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For my next car, hopefully many years from now, I want to go back to a manual transmission and a older car without these gizmos and gadets. I like to enjoy and experience driving.
“It is with the smallest brushes that the artist paints the most exquisitely beautiful pictures.” (
September 7th, 2017 at 10:33:32 AM permalink
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I just got a car with all that crap, and I have to say that I like some of it.

Lane Departure Warning helps enforce turn signal use; I've been lazy about that lately. Cross Traffic Warning for backing out of the driveway, that's cool too because the neighbors have a big bush that blocks my view to the right. I don't know about Collision Warning, that's the one for when a deer runs out, and I hope I never need to know.

Adaptive Cruise Control and Driver Assist, those two are a bit spooky. Adaptive Cruise locks onto a vehicle in front of you and holds a distance; if you put on the left turn signal, the car accelerates to pass at the preprogrammed speed. For example, you have ACC on and set to 75, and the car in front is going 72 and you have the distance set at 4 bars (about 4 seconds). Your car will slow to 72 and hold that distance, until you hit the left turn signal, whereupon it will accelerate to 75 and pass.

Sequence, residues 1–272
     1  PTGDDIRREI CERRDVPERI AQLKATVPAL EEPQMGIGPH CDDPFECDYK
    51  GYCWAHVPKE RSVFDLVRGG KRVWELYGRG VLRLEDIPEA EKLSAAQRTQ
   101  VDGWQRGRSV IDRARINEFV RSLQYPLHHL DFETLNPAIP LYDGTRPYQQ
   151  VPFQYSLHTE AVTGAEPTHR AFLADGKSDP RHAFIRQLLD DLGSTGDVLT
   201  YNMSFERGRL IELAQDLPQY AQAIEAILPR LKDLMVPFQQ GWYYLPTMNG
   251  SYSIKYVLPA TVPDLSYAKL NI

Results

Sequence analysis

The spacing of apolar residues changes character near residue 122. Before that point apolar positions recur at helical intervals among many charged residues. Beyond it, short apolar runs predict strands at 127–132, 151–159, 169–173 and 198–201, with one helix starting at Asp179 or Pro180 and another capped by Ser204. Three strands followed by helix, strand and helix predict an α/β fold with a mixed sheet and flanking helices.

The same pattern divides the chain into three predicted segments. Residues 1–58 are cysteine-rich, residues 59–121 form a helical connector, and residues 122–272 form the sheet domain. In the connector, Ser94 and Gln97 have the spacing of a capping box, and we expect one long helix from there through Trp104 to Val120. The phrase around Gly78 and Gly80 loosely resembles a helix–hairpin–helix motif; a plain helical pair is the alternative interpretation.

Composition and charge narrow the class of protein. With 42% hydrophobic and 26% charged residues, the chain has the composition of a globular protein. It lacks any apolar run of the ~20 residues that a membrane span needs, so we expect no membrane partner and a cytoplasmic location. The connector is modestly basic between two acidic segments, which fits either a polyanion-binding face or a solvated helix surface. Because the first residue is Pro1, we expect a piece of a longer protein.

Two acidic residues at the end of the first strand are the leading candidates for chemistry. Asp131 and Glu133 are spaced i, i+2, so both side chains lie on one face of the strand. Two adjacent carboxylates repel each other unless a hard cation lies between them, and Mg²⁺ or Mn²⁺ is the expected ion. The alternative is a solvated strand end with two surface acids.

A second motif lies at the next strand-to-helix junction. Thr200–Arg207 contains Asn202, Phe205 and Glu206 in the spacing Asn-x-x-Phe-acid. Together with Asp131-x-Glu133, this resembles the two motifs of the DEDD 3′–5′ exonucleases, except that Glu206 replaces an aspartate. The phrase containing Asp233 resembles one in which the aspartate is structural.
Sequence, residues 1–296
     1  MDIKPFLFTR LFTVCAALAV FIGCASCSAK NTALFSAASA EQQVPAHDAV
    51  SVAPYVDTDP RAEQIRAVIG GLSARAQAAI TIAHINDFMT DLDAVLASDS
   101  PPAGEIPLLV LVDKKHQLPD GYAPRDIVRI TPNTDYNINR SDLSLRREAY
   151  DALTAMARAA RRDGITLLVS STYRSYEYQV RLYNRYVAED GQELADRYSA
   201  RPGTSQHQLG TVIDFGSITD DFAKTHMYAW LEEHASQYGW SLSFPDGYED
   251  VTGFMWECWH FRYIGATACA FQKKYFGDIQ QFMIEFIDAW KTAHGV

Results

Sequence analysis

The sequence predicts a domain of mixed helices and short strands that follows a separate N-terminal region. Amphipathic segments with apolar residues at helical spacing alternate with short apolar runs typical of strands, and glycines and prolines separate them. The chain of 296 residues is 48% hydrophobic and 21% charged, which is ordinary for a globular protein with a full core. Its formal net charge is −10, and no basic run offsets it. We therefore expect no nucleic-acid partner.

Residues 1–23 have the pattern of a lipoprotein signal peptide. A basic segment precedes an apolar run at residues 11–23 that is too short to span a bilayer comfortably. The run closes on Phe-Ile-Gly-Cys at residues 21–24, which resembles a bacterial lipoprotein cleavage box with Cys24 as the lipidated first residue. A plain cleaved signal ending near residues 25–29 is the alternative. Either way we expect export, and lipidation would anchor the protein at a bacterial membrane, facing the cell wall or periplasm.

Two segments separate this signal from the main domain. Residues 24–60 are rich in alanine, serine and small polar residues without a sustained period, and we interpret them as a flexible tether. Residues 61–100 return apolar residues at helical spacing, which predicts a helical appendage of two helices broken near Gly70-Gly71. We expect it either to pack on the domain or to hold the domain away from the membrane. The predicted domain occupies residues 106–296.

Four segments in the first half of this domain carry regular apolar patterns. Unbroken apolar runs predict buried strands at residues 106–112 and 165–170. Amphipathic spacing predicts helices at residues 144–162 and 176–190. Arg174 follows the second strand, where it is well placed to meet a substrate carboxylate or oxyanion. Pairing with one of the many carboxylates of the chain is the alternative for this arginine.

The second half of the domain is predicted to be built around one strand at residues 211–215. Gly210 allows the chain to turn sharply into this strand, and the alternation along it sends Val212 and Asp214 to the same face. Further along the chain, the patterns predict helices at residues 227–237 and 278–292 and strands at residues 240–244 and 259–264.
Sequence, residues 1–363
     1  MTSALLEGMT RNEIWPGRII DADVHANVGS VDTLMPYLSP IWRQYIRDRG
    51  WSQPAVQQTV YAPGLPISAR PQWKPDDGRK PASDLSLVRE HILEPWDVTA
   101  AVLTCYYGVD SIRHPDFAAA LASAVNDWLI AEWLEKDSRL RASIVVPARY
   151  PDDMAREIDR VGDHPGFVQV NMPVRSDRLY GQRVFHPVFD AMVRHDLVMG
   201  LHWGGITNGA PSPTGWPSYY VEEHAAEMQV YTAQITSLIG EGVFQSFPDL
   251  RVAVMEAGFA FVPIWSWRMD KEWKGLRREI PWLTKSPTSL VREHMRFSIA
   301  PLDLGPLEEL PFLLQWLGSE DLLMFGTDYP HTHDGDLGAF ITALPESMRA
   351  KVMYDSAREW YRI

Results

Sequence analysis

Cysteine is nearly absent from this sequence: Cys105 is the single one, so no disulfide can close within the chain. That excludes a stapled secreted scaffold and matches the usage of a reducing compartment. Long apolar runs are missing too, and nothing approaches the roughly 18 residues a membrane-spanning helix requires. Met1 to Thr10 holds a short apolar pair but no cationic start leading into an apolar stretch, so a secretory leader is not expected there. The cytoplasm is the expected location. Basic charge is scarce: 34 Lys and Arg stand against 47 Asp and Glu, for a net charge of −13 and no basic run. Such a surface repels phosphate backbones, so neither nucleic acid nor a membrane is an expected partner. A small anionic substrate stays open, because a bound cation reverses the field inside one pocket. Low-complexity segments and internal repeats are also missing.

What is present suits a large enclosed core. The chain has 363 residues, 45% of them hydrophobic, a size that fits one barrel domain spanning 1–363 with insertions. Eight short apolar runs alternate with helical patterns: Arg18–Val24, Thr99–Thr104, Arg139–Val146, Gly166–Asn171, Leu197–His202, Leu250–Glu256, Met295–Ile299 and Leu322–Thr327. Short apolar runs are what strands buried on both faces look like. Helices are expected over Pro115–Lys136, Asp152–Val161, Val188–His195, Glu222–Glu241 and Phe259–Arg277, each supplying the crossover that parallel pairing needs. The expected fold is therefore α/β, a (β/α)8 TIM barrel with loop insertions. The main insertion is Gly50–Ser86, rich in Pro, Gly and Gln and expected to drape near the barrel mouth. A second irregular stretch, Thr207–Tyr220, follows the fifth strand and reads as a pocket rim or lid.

Driver assist will pretty much drive the car, as long as you keep your hands on the wheel. Set the cruise for 75 and off you go. It acts like ACC and LDW in tandem. That one seems pretty dangerous actually. It's not good to be reacting to the way the car handles a situation, it is better to cut the car out and react to the situation. We had it set on 80 going north on I-476, and there are some fairly tight turns; the car was holding 80mph even as the chassis started to object a bit, in a situation I would have braked to 75, on a road I travel often.

I have no use for Park Assist, I know how to parallel park. 360* Camera just confuses me.

The car is a Volvo S90. While it is physically very safe, the interfaces themselves are not. The Swedish philosophy of minimalism means that the driver has to continually search for things, even while knowing where they are. It's better to put the damn radio buttons out in the open, with presets for favorite stations.